TigsTown.com - Bryan Green

2016 TigsTools Detroit Tigers Prospect Tools: Best Infield Arm

Arm strength is one of the most important aspects of infield defense, where a few extra miles-per-hour can give defenders more margin for error, and potentially save games for their team. Dixon Machado and his near-elite arm head the list yet again, but some new names have emerged in unexpected places.

Best Infield Arm
1. Dixon Machado (SS)
2. Dominic Ficociello (1B)
3. James Robbins (1B)
4. Steven Fuentes (3B)
5. Moises Bello (3B)


A veteran of this list, Dixon Machado is blessed with a double-plus cannon that flashes even stronger at times. He can unleash clotheslines from the hole, make double-play turns with lightning-quick efficiency, and adjust his arm angle to make strong, accurate throws from awkward positions.

Playing first base prevents Dominic Ficociello from regularly showing off his plus arm, but the gifted defender has a hose that in the past allowed him to moonlight at second and third base, and helps him fire the ball around the diamond when needed. James Robbins is another first sacker with an underutilized arm, but the 25-year-old was once committed to Washington State as a two-way player whose fastball could scrape 90 mph.

Rounding out the top five are two talented Venezuelan defenders who both currently man the hot corner. Steven Fuentes and Moises Bello both have above-average arms that work well at third base. Mild mechanical struggles sometimes cost Fuentes some accuracy and prevent him from truly unloading in game situations, but he has plenty of velocity in the tank, while Bello is still working to show his arm strength on a more consistent basis.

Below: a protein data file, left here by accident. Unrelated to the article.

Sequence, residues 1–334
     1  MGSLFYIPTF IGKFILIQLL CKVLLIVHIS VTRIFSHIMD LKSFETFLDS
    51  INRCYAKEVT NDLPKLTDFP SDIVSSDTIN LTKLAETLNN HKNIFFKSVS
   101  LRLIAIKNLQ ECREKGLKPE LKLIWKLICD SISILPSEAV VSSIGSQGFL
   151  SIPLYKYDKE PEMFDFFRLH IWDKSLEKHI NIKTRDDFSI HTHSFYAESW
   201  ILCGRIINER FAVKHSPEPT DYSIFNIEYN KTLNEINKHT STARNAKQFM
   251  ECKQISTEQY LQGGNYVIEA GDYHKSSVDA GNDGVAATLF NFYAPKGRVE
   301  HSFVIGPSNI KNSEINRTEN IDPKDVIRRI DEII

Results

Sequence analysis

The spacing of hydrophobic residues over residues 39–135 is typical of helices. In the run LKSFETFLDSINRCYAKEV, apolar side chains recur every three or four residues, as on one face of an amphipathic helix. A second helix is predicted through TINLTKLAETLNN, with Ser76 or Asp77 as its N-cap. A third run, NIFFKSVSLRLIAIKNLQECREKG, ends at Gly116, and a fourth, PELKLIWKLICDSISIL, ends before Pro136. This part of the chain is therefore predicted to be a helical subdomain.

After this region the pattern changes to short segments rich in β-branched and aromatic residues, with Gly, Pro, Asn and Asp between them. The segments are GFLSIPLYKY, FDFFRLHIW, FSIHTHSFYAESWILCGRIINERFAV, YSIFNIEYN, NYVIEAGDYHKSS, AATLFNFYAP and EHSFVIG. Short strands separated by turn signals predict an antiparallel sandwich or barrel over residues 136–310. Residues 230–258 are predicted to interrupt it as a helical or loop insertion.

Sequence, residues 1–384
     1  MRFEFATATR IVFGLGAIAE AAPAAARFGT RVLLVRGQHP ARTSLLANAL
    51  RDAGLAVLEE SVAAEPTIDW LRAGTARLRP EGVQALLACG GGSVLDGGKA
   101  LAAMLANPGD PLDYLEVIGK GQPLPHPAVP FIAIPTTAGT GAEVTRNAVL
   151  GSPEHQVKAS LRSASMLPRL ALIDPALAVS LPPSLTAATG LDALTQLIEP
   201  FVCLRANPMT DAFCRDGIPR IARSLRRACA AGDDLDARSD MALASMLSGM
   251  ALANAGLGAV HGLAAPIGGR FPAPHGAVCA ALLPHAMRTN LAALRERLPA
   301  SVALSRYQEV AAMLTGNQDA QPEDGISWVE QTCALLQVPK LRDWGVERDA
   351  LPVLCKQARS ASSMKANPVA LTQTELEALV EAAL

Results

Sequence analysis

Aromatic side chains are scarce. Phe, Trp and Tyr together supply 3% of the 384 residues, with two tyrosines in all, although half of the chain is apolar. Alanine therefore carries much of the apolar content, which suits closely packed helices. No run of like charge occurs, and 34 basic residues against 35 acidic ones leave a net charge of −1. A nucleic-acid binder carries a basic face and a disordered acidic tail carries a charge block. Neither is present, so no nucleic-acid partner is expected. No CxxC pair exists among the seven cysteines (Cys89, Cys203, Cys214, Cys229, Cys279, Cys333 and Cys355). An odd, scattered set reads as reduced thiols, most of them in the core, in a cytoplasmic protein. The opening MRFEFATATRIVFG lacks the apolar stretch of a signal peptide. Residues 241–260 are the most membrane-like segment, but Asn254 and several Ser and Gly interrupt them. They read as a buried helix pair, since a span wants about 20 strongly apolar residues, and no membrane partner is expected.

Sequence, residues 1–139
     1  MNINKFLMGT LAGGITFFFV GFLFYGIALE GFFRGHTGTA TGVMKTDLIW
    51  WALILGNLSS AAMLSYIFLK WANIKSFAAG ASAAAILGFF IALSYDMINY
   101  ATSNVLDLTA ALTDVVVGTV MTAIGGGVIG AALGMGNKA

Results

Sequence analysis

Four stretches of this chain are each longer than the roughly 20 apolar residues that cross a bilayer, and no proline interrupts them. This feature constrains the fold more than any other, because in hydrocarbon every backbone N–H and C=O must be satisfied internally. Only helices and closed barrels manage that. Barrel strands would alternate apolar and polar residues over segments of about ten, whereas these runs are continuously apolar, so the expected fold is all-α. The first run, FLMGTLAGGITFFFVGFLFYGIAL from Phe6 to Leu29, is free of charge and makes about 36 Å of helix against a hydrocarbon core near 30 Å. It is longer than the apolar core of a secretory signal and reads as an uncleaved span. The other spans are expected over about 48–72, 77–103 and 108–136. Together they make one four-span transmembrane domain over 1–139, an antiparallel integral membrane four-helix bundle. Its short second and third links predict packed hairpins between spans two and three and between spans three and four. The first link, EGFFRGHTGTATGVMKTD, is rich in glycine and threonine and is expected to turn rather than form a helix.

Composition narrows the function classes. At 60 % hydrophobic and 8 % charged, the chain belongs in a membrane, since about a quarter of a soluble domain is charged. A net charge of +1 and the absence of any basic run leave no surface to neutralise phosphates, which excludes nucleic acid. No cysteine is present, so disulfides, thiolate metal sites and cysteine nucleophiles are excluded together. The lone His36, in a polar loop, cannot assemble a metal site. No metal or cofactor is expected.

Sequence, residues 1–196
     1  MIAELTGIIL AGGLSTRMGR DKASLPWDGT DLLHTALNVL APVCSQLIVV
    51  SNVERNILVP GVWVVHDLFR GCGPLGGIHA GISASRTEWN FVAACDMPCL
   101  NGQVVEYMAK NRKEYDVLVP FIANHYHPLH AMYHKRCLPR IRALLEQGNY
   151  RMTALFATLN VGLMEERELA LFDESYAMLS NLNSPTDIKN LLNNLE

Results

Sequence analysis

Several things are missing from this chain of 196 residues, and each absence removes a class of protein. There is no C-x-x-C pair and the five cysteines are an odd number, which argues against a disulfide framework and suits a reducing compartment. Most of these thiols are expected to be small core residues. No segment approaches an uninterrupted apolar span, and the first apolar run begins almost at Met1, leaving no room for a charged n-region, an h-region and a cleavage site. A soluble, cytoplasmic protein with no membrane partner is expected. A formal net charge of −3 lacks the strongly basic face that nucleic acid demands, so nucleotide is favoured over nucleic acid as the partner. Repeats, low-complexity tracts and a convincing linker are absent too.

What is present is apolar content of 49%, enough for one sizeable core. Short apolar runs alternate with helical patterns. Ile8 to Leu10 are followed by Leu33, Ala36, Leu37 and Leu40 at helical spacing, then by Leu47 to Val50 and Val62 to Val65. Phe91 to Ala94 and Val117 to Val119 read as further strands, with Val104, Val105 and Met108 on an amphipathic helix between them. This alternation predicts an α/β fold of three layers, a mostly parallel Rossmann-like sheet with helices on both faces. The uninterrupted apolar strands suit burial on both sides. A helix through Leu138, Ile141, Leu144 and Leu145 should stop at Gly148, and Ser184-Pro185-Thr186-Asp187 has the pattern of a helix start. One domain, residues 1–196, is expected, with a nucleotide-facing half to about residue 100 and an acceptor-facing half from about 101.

Honorable Mention

Jose Zambrano (IF)

Joey Pankake (IF)


Zambrano and Pankake are both veterans of this list who display solid arms but are still looking for a permanent home on defense. Zambrano is ideally suited for second base, but he has enough arm to capably play shortstop and third base. Pankake offers plenty of velocity and carry on his throws, but a slower release sometimes limits the utility of his arm strength.


Projection Kings

Adrian Alfaro (IF)

Anthony Pereira (IF)


Alfaro and Pereira are both promising young infielders who spent much of 2015 in rookie leagues. Alfaro primarily played shortstop, where his solid-average arm strength was adequate, but he also saw some time at second base, where he showcased an above-average arm. Pereira also possesses a solid-average throwing arm that works well at shortstop and second, but it was stretched a bit when he was asked to play third base. Both players are young enough to gain strength and climb this list in the near future.



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